Scratch beneath the surface of Milan, the industrial-rich metropolis of northwest Italy, and you will find an idiosyncratic charm – one of elegant boutiques, old-fashioned pasticcerias, Renaissance art and atmospheric restaurants, all mixed in with the new and modern. Best of all, you can explore the city on foot

Bar Luce at the Fondazione Prada

Bar Luce at the Fondazione Prada

Welcome to Milan – perhaps Italy’s most elusively exciting major metropolis. Elusive? Why? Well, the old adage about this ancient capital of Lombardy is that the more you look, the more you see. Unlike, say, Rome, Venice or Florence, this is not a city that intoxicates you with its beauty upon first sight. It is a place of business, scarred by war, and inclined to discretion rather than display. Milan’s charms are perhaps less obvious – less blatant – than its rival capitals. But this makes them all the more satisfying to seek out and discover.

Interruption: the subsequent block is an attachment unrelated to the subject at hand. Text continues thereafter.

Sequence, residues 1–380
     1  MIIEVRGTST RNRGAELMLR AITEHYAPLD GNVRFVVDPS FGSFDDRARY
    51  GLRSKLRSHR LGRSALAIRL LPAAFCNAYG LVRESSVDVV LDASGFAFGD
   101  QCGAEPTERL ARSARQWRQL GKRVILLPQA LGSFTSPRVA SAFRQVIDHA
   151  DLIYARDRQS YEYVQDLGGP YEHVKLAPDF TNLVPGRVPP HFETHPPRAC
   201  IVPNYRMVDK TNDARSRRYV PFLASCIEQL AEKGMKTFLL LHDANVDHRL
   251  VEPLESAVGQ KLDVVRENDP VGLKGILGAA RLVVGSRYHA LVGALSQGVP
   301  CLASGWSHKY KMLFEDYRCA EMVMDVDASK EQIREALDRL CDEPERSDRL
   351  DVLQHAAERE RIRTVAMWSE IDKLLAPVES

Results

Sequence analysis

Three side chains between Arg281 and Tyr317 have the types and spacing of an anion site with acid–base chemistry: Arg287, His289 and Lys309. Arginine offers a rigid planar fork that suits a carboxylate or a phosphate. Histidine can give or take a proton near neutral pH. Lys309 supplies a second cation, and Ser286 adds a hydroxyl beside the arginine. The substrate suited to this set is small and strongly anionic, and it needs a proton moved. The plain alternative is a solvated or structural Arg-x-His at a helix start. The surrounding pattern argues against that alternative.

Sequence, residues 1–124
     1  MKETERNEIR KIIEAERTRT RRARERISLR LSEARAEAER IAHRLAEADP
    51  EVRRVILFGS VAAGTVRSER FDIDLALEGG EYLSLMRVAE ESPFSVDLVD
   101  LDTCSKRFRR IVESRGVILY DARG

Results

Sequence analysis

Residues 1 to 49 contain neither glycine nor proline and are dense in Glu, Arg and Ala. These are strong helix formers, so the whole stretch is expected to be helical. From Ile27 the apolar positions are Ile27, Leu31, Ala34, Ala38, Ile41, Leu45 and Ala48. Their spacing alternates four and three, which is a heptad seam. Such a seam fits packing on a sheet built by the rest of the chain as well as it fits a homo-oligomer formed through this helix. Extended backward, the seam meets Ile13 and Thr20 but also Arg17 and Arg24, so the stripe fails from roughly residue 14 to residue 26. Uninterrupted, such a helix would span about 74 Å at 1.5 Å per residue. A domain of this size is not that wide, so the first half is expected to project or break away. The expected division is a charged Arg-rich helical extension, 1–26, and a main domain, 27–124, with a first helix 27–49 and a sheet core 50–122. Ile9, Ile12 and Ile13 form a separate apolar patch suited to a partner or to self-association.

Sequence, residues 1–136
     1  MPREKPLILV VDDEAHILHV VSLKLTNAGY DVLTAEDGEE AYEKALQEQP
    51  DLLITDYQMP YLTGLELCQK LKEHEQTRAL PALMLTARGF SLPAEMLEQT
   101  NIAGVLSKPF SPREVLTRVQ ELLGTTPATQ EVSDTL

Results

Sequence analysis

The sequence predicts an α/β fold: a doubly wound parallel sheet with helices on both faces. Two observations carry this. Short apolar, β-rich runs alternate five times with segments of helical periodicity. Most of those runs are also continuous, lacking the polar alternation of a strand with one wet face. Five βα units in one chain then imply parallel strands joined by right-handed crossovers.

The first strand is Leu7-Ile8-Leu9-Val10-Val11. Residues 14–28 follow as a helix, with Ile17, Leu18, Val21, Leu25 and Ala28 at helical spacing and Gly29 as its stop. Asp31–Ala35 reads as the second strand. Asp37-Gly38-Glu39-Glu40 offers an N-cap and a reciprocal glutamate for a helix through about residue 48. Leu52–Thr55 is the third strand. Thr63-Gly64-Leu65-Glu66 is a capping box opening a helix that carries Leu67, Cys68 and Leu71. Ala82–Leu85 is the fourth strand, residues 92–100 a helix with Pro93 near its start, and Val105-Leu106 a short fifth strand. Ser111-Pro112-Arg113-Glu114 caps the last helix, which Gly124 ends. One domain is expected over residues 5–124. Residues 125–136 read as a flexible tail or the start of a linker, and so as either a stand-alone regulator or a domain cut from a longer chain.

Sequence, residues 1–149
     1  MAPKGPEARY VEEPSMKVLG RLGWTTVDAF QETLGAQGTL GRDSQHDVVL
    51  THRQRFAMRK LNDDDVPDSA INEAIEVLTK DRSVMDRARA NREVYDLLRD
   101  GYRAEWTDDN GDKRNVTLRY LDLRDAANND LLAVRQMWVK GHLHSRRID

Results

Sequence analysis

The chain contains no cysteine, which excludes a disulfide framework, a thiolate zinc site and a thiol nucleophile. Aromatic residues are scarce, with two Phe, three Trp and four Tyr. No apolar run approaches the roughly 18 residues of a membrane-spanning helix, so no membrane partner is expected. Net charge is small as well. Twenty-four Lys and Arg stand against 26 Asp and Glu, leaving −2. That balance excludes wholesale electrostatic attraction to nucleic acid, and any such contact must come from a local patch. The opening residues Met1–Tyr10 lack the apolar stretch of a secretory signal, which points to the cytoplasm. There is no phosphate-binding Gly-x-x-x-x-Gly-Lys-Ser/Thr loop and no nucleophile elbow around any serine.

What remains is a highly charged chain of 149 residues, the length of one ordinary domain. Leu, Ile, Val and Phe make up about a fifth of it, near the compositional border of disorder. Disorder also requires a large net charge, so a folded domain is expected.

By far the best way to tackle Milan is on foot. The city has a one-way system so circuitously convoluted that a day spent touring it by car can leave the impression that this is a huge, sprawling place because of the time you will spend going from A to B via Z. It is, in fact, very compact.

Mandarin Oriental, Milan is situated in the heart of the Centro Storico – the city lies at your feet. In five minutes, you can be at the Teatro alla Scala (arguably the most beautiful opera house in the world), the Galleria Vittorio Emanuele II (arguably the most beautiful shopping mall in the world) and the Duomo (certainly one of the most intricate and awesome examples of devotional architecture in the world).